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Religion Library: Protestantism

Modern Age

Written by: Ted Vial

Contemporary Protestant Christianity in Europe is largely characterized by nominal affiliation. That is, in many nations nearly half of the population never attends any religious services unless they involve a major life event like a wedding or a funeral. While that statistic is largely acknowledged, it is less commonly recognized that even in the most secular countries, there are thriving Protestant communities, and there is a growing number of ethnic minority Protestant congregations. There are large black church communities in the U.K., and great numbers of European Roma have been converting to Pentecostalism.

In the United States, there are some similar trends, though the situation is more complex. In the waning years of the 19th century, biblical criticism began to erode Christian confidence in the authority of the Bible. Many European and American scholars—including, among many others, Rudolf Bultmann (1884-1976), Adolf von Harnack (1851-1930), and Paul Tillich (1886-1965)—abandoned or radically reinterpreted many of the traditional Christian doctrines. The onset of World War I and the Great Depression exacerbated this trend and redirected a great deal of Christian focus to the social and economic needs of people rather than their beliefs. Walter Rauschenbusch (1861-1918) exemplifies this shift of focus and is known as one of the founders of the "Social Gospel" movement.

Liberal theological positions became increasingly embedded in North American mainline seminaries, as they had in many European academic circles. The American Protestant church, however, experienced an organized resistance to this theological trend in the rise of fundamentalism in the early 20th century. The term "fundamentalism" is derived from a 12-volume set of essays published between 1910-1915 called The Fundamentals: A Testimony to the Truth. Those who advocated for biblical inerrancy, scriptural authority, and the historical veracity of the core Christian dogmas—incarnation, resurrection, miracles, etc.—became known as fundamentalists. They opposed the modernists, who had largely embraced the rational, scientific, and cultural arguments of the day, and had found new ways to interpret Christian doctrine accordingly. The fundamentalists' essential posture of resistance became epitomized in the 1925 Scopes Trial regarding the teaching of evolution in the public schools. Though the fundamentalists won the trial, they lost face in the public arena, and were largely mocked for their anti-scientific views.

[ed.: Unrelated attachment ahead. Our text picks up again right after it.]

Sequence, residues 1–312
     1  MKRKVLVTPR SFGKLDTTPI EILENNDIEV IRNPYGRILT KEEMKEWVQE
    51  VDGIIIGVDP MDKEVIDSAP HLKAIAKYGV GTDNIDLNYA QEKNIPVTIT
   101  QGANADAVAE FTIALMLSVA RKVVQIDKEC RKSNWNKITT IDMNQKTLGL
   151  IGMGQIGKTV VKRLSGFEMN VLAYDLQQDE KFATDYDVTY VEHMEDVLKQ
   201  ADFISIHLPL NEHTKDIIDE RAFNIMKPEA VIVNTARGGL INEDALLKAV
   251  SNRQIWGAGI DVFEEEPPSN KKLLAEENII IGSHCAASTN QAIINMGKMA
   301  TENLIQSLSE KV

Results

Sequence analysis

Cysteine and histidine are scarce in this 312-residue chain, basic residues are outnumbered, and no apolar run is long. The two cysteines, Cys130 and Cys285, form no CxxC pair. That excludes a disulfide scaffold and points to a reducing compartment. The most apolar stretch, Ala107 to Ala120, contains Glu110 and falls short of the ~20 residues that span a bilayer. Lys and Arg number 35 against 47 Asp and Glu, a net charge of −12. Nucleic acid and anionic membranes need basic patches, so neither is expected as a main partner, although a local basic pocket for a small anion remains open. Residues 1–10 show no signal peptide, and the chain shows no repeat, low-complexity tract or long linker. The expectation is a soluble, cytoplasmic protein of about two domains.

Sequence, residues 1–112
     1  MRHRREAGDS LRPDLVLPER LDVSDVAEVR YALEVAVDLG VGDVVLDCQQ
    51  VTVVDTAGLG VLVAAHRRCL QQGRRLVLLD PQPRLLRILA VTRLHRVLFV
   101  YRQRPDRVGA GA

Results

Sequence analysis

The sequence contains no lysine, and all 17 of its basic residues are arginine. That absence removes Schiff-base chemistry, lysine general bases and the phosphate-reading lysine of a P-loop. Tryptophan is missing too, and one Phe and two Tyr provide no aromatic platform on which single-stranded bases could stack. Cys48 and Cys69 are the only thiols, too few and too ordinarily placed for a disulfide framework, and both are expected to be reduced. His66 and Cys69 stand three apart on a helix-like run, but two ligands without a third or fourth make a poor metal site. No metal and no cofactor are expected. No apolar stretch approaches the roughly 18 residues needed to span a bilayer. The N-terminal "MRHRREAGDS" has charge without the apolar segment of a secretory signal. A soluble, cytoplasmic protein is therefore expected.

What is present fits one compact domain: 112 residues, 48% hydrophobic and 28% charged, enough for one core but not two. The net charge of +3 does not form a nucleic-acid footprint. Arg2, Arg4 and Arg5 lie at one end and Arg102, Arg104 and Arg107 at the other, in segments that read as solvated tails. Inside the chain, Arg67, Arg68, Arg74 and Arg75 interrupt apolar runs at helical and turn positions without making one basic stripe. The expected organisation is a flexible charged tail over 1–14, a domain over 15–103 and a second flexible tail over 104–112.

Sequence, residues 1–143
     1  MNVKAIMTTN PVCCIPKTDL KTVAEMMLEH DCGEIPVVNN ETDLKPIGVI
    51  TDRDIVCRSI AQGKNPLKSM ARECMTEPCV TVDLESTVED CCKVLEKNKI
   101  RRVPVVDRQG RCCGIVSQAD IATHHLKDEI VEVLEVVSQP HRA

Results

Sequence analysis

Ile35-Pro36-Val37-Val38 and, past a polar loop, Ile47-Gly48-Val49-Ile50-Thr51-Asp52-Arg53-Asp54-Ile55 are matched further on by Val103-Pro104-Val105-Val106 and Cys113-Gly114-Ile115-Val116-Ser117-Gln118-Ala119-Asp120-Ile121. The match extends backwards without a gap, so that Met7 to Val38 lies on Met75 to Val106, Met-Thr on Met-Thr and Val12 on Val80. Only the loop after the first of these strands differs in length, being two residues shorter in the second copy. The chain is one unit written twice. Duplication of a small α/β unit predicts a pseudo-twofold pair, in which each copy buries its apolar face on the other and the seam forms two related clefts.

Besides the rise of fundamentalism, the American Protestant community witnessed another remarkable movement that also rejected the rationalism of the modernist movement: the rise of Pentecostalism. William Seymour (1870-1922) initiated the Pentecostal renewal movement in his Los Angeles church in 1906. Drawing on earlier holiness traditions, Seymour preached the baptism of the Holy Spirit and a new power in Christian living. This emphasis could also be seen in Charles Parham's (1873-1929) ministry in Topeka, Kansas. The fastest growing Christian denominations in the world today are Pentecostal movements in Latin America, India, Africa, and China.

 

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